On June 30 those of us who were interested were taken to Fairbanks on the daily passenger for a get together. Magically the troop car or cars appeared. We met with Col. Johnson, General Manager. On July 1 we all traveled to the University to witness the laying of a corner stone for a new science building. We returned to our jobs on the 2nd. During this meeting I learned that it was possible to get other assignments. I observed later that it depended on who your sponsor was. I wrote Col Johnson (I may have this name wrong) stating that I was interested in learning more about the Alaska Railroad and asked what other opportunities were available. Shortly thereafter a new DeSoto sedan on flanged wheels appeared carrying the project manager. He suggested I report in Anchorage the next day, July 15. Two other students met me and we were assigned to the stores department. We spent five days in Eklutna, bunking in the closed station house with two other students. When the War Assets Administration agreed to ship surplus equipment to the Alaska Railroad, it was an "all or nothing package." Hence the troop sleepers, box cars, GI trucks, cats, and literally tons of various materials and equipment stored in box cars on the passing track. These cars apparently had not been opened and certainly had not been inventoried. We had a field day! Our mission was to locate and count any equipment that could be used to improve the living conditions in the section houses. The most prized item were a number of Servel-Electrolux kerosene refrigerators, still in their cartons. After the inventory was completed we met with stores personnel in Anchorage. Our Anchorage bases with the yard fire department where the food was excellent.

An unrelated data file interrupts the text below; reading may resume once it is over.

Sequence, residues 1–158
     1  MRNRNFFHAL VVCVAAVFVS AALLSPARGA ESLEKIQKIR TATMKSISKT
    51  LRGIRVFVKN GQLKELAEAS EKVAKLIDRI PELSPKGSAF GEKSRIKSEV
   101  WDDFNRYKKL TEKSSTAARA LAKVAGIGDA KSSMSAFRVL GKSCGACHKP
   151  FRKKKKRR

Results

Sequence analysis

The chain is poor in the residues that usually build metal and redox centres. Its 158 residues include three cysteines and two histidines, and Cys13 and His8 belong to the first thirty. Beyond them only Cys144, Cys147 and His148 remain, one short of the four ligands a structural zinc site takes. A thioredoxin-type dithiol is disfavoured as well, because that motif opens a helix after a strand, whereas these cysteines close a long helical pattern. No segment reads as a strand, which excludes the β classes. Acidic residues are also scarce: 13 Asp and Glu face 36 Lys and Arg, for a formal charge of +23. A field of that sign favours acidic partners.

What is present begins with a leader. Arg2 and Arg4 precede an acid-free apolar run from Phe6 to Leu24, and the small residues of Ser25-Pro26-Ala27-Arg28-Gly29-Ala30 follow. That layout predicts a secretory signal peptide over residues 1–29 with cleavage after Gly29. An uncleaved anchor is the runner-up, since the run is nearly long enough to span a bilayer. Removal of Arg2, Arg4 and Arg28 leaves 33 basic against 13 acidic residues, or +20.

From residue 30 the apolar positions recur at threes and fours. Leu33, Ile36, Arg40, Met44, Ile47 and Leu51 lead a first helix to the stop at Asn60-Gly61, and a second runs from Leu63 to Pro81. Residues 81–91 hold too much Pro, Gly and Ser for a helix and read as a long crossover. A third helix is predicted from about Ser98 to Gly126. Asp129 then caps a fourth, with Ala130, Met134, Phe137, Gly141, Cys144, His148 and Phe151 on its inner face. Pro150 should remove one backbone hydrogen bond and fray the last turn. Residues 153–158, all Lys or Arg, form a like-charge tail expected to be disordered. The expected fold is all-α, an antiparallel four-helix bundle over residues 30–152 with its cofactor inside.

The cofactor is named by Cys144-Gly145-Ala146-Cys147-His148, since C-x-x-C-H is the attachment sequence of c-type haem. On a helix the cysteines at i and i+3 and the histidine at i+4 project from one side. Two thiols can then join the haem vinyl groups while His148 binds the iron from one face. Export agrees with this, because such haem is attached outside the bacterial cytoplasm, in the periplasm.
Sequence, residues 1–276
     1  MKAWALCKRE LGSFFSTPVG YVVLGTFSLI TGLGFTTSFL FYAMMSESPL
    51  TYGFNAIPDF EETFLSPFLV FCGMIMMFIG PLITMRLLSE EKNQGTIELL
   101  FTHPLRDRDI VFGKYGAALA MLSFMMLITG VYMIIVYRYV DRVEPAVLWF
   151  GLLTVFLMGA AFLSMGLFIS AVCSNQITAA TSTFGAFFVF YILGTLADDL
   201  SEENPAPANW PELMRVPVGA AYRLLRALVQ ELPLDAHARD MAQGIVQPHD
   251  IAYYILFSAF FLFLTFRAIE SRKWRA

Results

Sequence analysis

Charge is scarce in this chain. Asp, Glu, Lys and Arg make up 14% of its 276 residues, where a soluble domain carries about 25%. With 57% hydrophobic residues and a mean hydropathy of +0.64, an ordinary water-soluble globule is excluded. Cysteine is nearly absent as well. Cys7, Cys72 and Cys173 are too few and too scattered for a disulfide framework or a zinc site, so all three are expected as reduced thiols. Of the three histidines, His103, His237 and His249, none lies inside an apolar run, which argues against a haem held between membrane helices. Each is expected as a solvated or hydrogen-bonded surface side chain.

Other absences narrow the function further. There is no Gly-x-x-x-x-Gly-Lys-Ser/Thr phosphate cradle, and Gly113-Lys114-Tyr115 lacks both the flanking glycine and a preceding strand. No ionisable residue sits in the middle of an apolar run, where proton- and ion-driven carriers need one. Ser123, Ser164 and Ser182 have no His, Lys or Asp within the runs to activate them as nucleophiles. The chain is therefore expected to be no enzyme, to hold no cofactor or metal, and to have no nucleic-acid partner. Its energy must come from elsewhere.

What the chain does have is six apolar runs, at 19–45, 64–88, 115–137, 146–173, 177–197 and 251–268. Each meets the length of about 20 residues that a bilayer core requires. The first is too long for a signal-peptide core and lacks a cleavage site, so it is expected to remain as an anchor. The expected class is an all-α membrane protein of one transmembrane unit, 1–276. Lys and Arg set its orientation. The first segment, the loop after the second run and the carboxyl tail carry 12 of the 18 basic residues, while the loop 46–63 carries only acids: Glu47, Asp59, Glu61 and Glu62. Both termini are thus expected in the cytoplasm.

On July 18 we began visiting all the stations from Anchorage to Seward and a few north of Anchorage. We rode on an open Fairmont motor car, pushing it to start. The operator was a semi retired gentleman whose job over the years had been dynamiting beaver dams that threatened the wooden bridges on the system. He was quick to point out that he was not allowed to injure the beaver. We spent one night at the Tunnel bunk house. There was a spring fed wash house in back. We were told that they had a pet bear, "Granny." She was ageless and had no teeth so was fed. Apparently the third member of our team was a rather proper young man from Harvard. He was in the wash house when Granny decided to check him out. When he saw the bear, he departed head first out an open window.........into the drain pit. When this survey was completed, the two chaps in Eklutna helped us load the equipment to be shipped onto a way car. Wherever we bunked over night we helped with the kitchen chores, listened to tall tales and played with the children. Many of them were Native Americans and very cute.